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Laboratory study of the noticeability and annoyance of low signal-to-noise ratio sounds

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The level of detectability of an acoustic signal that reliably attracts the attention of someone engaged in an activity other than specifically listening for such a sound is a quantity of practical interest in a number of field settings. Studies of the attention demand of sounds are of necessity conducted under laboratory conditions, however, because adequate control of signal presentation and listening conditions is not feasible in field settings. Subjects in the present study who were reading materials of their own choosing were asked in a free-response paradigm to note the occurrence of sounds presented at relatively low signal-to-noise-ratios in natural-sounding but highly constrained background noise environments. A logistic fit to the findings indicated that a detectability level approximately 7 dB greater than that needed for essentially perfect attentive detection was required to notice half of all signal presentations.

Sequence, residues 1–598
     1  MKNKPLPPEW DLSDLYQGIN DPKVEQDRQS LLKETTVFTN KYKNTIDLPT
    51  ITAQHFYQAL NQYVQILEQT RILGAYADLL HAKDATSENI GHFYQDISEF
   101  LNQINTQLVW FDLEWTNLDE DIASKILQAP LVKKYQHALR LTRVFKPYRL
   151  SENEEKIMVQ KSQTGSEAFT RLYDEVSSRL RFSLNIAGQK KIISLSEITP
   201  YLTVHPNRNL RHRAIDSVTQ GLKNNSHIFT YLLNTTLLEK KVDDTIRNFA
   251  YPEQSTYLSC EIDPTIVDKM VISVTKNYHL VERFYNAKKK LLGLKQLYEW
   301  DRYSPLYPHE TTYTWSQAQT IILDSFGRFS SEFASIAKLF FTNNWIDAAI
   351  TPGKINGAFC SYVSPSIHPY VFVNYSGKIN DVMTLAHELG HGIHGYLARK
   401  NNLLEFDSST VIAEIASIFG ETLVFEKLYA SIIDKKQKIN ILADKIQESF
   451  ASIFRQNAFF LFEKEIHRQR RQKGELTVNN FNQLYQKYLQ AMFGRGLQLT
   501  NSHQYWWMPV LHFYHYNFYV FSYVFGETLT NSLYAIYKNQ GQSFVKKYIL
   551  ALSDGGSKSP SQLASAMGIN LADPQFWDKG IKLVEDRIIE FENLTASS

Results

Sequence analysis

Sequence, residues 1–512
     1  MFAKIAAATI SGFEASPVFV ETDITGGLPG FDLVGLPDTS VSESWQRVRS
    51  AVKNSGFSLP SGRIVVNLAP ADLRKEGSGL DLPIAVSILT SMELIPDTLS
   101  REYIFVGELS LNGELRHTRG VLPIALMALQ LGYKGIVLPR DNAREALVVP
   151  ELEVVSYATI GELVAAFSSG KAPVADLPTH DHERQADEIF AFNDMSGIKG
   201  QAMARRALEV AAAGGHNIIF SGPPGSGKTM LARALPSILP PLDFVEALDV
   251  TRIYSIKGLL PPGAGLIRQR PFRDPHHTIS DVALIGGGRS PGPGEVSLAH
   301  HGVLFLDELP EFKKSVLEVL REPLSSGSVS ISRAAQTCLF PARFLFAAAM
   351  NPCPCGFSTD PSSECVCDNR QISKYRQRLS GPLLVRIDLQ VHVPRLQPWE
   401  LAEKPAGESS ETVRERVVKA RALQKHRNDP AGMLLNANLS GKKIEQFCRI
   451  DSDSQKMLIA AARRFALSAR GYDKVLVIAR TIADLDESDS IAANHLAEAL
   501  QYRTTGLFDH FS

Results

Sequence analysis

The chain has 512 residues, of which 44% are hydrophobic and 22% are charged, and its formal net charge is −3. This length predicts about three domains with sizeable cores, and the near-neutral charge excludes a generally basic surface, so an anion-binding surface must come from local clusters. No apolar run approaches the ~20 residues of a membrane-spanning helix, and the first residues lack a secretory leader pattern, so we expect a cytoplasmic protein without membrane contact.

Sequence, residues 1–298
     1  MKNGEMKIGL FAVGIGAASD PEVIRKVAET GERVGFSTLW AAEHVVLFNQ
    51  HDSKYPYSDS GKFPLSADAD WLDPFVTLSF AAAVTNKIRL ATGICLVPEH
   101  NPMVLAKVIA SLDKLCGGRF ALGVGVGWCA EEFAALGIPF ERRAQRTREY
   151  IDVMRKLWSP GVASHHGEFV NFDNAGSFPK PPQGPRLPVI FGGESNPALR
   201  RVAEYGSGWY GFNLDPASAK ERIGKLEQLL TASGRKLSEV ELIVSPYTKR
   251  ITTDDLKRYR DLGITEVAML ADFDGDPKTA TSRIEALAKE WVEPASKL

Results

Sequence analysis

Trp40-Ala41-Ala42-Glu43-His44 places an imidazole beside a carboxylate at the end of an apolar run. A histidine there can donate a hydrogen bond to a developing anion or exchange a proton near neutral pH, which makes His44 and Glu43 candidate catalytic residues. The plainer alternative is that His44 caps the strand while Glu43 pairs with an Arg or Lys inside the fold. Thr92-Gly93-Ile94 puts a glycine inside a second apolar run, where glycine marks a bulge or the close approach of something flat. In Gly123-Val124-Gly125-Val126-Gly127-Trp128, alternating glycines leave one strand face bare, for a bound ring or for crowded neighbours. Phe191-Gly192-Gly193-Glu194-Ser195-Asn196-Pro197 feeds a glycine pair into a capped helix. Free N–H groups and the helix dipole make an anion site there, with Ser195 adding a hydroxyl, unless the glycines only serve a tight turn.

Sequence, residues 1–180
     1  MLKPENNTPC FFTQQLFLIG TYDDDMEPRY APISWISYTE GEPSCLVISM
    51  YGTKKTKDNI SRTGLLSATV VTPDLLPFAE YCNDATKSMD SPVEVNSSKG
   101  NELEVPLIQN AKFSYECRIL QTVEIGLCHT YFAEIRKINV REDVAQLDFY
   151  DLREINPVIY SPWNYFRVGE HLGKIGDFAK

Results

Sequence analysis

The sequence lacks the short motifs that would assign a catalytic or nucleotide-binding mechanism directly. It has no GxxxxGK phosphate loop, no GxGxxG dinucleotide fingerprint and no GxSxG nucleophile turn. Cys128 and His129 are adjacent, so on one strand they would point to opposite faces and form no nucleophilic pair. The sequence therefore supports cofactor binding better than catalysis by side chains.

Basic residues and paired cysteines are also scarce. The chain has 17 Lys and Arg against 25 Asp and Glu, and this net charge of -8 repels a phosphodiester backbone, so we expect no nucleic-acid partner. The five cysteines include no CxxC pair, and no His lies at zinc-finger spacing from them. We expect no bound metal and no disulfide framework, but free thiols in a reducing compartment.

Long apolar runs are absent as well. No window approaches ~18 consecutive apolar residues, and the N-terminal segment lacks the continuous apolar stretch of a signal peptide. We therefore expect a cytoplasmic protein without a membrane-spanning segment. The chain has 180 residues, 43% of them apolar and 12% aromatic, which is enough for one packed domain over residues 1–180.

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Keywords: 63.2; 66.1

Document Type: Research Article

Affiliations: Wavefront Scientific

Publication date: September 1, 2003

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